Fixing interference in GPS

Multi-path interference makes GPS less accurate. How might you fix it?
22 December 2020

Interview with 

Ramsey Faragher, Focal Point Positioning


Earth from space


Possibly the most important traveller around now is Santa Claus, and to make sure he gets to all those houses on time he needs a really good GPS. Imagine if the GPS told him he was at a nice child’s house, but was actually at they’re naughty neighbour. Well a Cambridge based company, Focal Point Positioning, has teamed up with a European company, u-blox, to help fix a key weakness in the technology, multipath interference. Adam Murphy heard how it works from Focal Point Positioning CEO, Ramsey Faragher...

Ramsey - It's the effect that's caused by lots of echoes of a radio signal, bouncing around inside a city, confusing your GPS chip and making it calculate a wrong position. It's a bit like trying to host a very loud dinner party inside a big cave. It would quickly turn into a noisy confusing cacophony, due to all of those echoes. And GPS is designed for open spaces where there are no signal reflections. This problem of multi-path interference, the problem of signal echoes from buildings has actually been the biggest cause of bad GPS fixes for the last 20 years.

Adam - Now, given all that being true, my phone's GPS is still pretty good. So why is fixing this and making it better, so important?

Ramsey - So it's true that on a good day out in the open, that little smartphone in your pocket can work out where you are to within a few metres. And that is then both a blessing and a curse, because if you become very reliant on that good accuracy outdoors in the middle of nowhere, when you go and try and use that GPS in the middle of downtown New York, or London city centre, or Tokyo surrounded by big, tall reflective buildings, and only then do you discover that it's actually quite inaccurate in those places. It can cause you major problems, your taxi turning up on the wrong side of the street, your food delivery going to the wrong house. In future problems for drone deliveries, getting it all wrong. Autonomous cars, not being able to navigate safely in amongst the tallest nastiest buildings. And that's what we fixed. And it opens up lots of new opportunities for metre level positioning right down there amongst the skyscrapers.

Adam - Well then I suppose the key question to ask you is how does it work? What is your solution?

Ramsey - We went right back to the very lowest level of the physics of the problem, and created the fix right from there. So when the signals bounce around, that means they're coming at you from the wrong directions now, relative to the actual location of the satellites in the sky. And we do always know exactly where those satellites are, but the GPS chip itself has never been able to work that out. It can't calculate the angles that the different signals are coming from. The only way to do that normally has been with a very, very expensive antenna. I'm talking about thousands of pounds for an antenna. It'll never be on a smartphone, but what we figured out, was a way to change the software inside the GPS chip itself so that it can now calculate all of these different angles of arrival, of all of the different signals and unpick them from each other, and separate out the one line of sight signal you want from all of the echoes you don't want. And we can make the chip ignore all of those echoes and voila, no more multipath interference.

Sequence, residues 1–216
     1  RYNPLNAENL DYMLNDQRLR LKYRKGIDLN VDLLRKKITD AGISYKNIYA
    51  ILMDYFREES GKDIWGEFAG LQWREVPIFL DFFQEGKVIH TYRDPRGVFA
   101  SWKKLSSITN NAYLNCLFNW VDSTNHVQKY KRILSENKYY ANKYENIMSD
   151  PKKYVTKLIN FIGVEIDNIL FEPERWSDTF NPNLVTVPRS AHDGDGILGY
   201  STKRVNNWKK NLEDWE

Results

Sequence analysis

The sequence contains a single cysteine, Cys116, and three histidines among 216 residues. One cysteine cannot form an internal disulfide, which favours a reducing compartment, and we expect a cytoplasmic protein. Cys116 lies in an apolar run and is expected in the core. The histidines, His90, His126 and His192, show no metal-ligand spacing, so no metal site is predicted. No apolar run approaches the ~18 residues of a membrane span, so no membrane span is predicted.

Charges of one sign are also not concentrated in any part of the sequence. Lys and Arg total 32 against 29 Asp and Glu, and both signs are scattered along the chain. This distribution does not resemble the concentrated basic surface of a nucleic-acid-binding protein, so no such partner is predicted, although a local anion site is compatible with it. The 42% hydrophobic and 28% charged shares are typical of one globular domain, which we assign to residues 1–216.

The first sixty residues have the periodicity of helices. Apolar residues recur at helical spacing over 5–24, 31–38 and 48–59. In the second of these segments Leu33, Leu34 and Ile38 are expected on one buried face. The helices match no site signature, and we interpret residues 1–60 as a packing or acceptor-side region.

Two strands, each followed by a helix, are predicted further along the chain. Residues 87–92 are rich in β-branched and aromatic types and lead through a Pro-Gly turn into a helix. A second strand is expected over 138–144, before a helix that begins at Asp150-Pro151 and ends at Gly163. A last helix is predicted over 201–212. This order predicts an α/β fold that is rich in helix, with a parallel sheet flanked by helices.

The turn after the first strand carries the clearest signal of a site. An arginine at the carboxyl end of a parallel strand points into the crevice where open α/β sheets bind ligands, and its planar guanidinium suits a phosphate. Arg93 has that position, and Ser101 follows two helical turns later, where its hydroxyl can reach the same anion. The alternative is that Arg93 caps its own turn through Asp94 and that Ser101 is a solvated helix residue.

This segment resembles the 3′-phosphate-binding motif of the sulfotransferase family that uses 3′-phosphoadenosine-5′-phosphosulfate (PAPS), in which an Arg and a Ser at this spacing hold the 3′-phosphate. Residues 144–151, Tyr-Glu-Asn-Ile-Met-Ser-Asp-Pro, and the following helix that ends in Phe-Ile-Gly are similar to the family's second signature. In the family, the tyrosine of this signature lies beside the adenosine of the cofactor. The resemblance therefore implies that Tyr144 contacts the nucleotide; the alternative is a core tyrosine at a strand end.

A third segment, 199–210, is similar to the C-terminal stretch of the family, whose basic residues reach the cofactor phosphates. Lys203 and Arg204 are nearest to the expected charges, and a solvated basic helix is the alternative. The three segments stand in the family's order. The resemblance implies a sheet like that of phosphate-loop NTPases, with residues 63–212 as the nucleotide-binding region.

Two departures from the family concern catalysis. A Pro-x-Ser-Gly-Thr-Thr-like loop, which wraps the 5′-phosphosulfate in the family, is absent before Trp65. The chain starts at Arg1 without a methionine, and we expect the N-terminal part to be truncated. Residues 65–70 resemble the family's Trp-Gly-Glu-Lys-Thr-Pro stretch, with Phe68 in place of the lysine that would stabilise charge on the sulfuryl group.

Adam - So it's like when you got a tangled mess of headphones in your pocket, the phone is now doing software to unpick that, to get your headphones back to what they should be.

Ramsey - Yeah, exactly.

Adam - And is this something that can be easily implemented everywhere, in every phone, or are there some really key focused applications?

Ramsey - So it is just a matter of upgrading the software inside the GPS chip. And that then means we can solve multipath for any device that uses radio signals to navigate just like GPS. So any application for a moving GPS receiver, we can help, but my company itself cannot change the software on the GPS chip completely on our own. The change has to be made by the manufacturer, that software change only takes a few months to do. In reality, getting a billion-dollar GPS chip set company to hand over the keys to their pride and joy, to my startup, doesn't happen overnight. And so we generally have to do quite a lot of trialing and verification with those companies to prove that our tech does what we say it can, but we've made great progress with major GPS chip set companies. u-blox being the first deal that we can publicly announce, and there'll be many more like it in the future. And I can also announce here on the Naked Scientists for the very first time, that Focal Point Positioning has also been working very closely with Santa for many, many years now. And we always help to ensure that he never has any navigational problems on his big night out.

Adam - It's very important to know Santa will be safe, what's next then, what's the future of this kind of technology?

Ramsey - Well, the exciting thing is that we can help bring one metre positioning to your smartphone in cities right now, with the current generation of GPS chips. But next on our roadmap is trying to get that right down to 10 centimetres. Maybe even down to two centimetres, that's the sort of thing we're aiming for in the future. And then that will open up a whole host of new ways that people can make use of GPS for all sorts of exciting new purposes.


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